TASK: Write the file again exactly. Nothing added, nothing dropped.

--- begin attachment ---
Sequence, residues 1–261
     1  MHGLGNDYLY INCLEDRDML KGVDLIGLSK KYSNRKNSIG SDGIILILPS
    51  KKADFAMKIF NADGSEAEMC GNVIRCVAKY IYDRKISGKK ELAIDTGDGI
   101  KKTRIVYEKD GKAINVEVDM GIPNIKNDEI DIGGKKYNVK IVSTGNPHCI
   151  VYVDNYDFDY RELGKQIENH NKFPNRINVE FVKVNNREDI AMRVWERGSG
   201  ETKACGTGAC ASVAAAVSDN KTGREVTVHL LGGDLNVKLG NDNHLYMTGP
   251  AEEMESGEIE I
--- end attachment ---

Sequence, residues 1–261
     1  MHGLGNDYLY INCLEDRDML KGVDLIGLSK KYSNRKNSIG SDGIILILPS
    51  KKADFAMKIF NADGSEAEMC GNVIRCVAKY IYDRKISGKK ELAIDTGDGI
   101  KKTRIVYEKD GKAINVEVDM GIPNIKNDEI DIGGKKYNVK IVSTGNPHCI
   151  VYVDNYDFDY RELGKQIENH NKFPNRINVE FVKVNNREDI AMRVWERGSG
   201  ETKACGTGAC ASVAAAVSDN KTGREVTVHL LGGDLNVKLG NDNHLYMTGP
   251  AEEMESGEIE I